Article id:59

East Brent 150th Harvest Home

Reprinted with grateful thanks from the 150 th Anniversary special booklet.

“From the very earliest times, when man first began to till the soil and reap the fruits that were brought forth, there existed the natural yearning to give thanks for the harvest.”

Text Box:  In ancient lands the custom grew of bringing in the harvest with feasting, merry-making and song, and last but not least, with thanksgiving.

And it was to give thanks for the harvest, and to rejoice that all was safely gathered in, that Archdeacon George Anthony Denison, introduced at East Brent, where he was Vicar from 1845 - 1896, the first harvest home of its kind ever to be held in this country. That was in 1857, and the first harvest home was held on September 3rd, in that year.

In those far-off days the country folk had their own way of rejoicing when the harvest had been safely garnered, and it was to stop excesses, especially in the over-indulgence in strong liquors, that Archdeacon Denison introduced the harvest home.

First the whole parish gathered together to give thanks to God for the plenitude of His gifts, and then the fun and the feasting followed, although the fun was innocent and wholesome. In 1857 there were 300 at dinner and 500 at tea, but these numbers quickly grew, and two years later, it was estimated that 6,000 people visited the parish for the great day.

Text Box:  A report in the Weston Mercury recalls that in 1859, a capacious tent erected in the grounds adjoining the Vicarage, was decorated with appropriate designs, mottoes and emblems, which included: "Long life to our worthy Vicar and to his benevolent Lady;" "G. Reed, Esq., Lord of the Manor of East Brent, and Burnham's Benefactor;" and "G.Reed, Esq., the friend of the Poor." The large company included the Bishop of the Diocese, Members of Parliament, the principal parishioners, and clergy and gentry for the neighbourhood. The rich plum puddings and the immense loaf, for which East Brent harvest home has always been famous, figured in the menu.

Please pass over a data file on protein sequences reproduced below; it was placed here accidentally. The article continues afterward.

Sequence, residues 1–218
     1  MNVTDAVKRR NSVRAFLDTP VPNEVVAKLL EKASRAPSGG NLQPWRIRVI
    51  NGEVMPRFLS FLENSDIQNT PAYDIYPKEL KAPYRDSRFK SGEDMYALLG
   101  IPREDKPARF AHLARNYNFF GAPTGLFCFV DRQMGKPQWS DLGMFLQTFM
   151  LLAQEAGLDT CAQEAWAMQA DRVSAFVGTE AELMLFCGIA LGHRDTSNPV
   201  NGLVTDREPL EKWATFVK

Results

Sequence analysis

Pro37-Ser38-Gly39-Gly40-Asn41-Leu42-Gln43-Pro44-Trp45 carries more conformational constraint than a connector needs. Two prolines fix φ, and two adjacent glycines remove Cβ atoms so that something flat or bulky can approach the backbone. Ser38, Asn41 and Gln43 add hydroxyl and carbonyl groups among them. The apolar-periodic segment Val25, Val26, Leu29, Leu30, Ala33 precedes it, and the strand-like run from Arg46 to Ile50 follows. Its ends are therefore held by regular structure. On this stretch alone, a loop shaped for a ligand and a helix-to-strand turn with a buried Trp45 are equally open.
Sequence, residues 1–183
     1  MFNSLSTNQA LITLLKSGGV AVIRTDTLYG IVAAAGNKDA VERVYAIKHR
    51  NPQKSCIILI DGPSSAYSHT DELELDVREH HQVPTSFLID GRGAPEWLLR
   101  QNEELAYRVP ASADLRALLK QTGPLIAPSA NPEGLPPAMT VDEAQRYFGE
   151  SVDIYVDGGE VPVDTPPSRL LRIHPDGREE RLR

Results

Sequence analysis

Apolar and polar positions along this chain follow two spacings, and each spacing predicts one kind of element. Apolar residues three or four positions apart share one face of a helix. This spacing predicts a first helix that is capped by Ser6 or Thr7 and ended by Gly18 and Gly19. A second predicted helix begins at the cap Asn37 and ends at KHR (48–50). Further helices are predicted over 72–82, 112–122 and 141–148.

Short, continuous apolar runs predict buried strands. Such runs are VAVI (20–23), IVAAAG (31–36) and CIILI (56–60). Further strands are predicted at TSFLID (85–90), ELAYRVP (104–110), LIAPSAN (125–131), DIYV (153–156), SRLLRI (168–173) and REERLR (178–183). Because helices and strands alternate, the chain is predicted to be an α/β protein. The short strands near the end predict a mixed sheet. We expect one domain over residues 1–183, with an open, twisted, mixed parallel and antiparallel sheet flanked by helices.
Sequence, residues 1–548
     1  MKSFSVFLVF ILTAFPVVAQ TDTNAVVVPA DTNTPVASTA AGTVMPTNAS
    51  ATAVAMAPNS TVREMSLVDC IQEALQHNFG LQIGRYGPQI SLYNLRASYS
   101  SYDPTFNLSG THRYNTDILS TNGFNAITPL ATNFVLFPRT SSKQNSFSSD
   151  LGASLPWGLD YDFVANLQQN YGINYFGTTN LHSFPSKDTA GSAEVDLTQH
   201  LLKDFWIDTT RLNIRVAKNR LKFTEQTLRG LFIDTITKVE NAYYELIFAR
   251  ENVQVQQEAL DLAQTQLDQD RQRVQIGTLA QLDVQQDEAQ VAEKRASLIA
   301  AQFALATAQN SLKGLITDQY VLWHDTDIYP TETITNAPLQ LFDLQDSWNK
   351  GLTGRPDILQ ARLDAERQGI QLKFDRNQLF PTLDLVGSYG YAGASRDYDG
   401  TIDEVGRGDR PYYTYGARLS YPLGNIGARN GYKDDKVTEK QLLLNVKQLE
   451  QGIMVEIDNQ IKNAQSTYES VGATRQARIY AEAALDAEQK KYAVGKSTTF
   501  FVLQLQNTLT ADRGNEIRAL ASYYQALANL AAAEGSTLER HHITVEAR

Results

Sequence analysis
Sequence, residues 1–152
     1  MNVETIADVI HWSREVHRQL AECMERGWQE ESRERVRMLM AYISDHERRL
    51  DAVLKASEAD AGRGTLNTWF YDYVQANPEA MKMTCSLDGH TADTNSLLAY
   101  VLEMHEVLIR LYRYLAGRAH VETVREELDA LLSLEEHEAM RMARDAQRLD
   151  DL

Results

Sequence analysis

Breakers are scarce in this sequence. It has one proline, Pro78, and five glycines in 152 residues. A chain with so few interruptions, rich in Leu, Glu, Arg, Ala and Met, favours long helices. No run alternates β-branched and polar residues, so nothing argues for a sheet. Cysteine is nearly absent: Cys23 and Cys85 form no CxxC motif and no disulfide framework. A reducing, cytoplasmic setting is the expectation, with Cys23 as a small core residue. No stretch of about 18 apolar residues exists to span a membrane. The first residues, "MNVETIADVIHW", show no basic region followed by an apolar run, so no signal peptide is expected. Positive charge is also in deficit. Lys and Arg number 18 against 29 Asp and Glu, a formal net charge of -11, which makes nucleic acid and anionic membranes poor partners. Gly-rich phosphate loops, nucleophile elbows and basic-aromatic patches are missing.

The event came about through the suggestion of a churchwarden and this is how Archdeacon Denison described what happened, in his own words, written 21 years later: "in 1857 my Churchwarden, Mr. John Higgs, a constant communicant and near and dear friend, came to me to suggest having every year a harvest home at East Brent. I entered into the proposal immediately and heartily. It had long appeared to me that we wanted recognised holidays for the working-men, women and children; and here was a step in that direction, specially recommended by one of its leading features, that it was not only a holiday for all classes alike, but a holiday which all classes kept and enjoyed, in close contact with one another.

"The proposal was generally welcomed as soon as made, and we held our first harvest home Sept. 3rd, 1857. At that time there was, I believe, northing of the kind in this part of England. The East Brent harvest home has become a Somerset institution; and although it has long ceased to retain all its original character in respect of gathering together here many chief people on the harvest home day who came to see what we were about, and whether it would be good to follow suit at home, it has retained, and more than retained, it has increased all its original popularity; and I am enabled to say, having watched everyone of them from year to year - with rare intervals every year has had its harvest home, beginning with 1857 - that each one has been an improvement upon its predecessor. The original scheme has in all its substance remained intact. Alterations have come in matters of details. I have read and heard of, and have seen other schemes of harvest home arrangement; but of no one which was, I think, so good as our own."